Sunday, November 30, 2014

Thomas Moore-Invented Machine Called the Refrigerator.

Thomas Moore was a civil engineer and farmer who developed one of the earliest refrigeration devices. It was constructed by placing a tin box inside an oval cedar tub and filling the gaps between box and tub with ice. The whole was then covered cloth lined with rabbit fur for further insulation.  Moore described in great detail his new invention in his work, An Essay on the Most Eligible Construction of Ice-Houses. Also, A Description of the Newly Invented Machine Called the Refrigerator. Thomas Moore. Baltimore: 1803. He developed it to transport butter from Georgetown to his home in Montgomery County, Maryland. As a farmer who lived near Sandy Spring, Md. he sent butter and other produce 20 miles south to Georgetown or Washington, D.C. markets at night.  By using his new box, the night travel was not necessary.  The butter stayed firm and sold for 4d to 5 1/2d per pound higher than other's butter, thus paying for the box after four trips.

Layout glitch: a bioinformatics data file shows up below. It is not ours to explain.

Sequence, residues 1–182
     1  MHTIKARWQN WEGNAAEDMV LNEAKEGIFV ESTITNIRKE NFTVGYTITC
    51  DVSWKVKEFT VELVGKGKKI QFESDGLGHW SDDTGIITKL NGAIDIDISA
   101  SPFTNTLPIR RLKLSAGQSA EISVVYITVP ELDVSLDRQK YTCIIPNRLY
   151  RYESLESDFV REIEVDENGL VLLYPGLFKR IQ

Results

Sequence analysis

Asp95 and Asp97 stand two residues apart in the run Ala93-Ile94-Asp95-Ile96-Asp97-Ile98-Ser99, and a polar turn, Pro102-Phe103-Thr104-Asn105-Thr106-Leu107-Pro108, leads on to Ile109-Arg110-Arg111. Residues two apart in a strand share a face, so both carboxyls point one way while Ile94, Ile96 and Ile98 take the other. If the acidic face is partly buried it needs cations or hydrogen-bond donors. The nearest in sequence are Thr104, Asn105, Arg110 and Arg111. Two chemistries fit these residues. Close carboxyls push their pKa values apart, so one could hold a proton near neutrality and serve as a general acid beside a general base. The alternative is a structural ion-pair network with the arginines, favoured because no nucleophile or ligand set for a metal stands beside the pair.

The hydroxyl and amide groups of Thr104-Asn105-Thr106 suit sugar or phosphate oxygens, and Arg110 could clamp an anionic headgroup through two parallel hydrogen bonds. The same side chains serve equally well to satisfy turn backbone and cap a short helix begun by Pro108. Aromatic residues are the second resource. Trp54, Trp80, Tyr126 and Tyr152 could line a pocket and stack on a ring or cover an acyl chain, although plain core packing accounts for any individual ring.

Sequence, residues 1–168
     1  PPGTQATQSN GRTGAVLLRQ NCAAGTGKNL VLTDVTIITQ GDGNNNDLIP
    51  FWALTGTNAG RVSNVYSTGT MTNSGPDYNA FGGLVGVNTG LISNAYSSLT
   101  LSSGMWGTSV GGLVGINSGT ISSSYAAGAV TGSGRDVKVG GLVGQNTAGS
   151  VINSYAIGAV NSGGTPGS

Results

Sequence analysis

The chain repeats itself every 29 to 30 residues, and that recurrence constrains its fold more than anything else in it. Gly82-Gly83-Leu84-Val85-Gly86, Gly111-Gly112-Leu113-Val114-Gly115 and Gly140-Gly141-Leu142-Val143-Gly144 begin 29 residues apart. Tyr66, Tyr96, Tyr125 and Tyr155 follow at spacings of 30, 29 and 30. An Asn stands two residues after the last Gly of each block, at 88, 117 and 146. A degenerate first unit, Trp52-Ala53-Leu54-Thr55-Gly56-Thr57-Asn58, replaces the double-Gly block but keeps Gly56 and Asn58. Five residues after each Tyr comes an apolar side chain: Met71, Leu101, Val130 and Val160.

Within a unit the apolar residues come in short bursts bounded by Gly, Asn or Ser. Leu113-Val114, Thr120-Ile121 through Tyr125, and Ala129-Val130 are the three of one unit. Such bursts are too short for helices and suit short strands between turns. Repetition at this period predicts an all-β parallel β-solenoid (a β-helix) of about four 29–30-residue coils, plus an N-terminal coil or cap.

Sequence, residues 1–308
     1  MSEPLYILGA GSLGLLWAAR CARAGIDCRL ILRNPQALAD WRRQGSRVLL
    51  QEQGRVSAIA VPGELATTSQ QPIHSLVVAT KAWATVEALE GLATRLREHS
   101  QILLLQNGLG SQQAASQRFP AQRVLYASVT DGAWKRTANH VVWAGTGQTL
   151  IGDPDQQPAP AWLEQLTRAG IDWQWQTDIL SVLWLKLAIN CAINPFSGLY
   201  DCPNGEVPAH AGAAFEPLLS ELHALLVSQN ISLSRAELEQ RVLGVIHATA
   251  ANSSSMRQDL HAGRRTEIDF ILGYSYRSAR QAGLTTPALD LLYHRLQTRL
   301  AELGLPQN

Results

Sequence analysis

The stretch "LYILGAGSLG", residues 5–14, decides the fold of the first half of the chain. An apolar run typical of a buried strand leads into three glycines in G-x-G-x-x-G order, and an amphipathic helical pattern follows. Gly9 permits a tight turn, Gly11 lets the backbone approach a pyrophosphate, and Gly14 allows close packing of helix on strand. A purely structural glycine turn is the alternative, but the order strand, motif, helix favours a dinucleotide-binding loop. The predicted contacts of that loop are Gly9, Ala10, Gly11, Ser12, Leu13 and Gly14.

In a letter dated June 21, 1802, Moore invited Thomas Jefferson to view this new refrigerator. Jefferson made a sketch of the device in the margin of the invitation. Two years later the notation "Paid Isaac Briggs for Thos. Moore 13.D. for a refrigerator" appears in his Memorandum Books.


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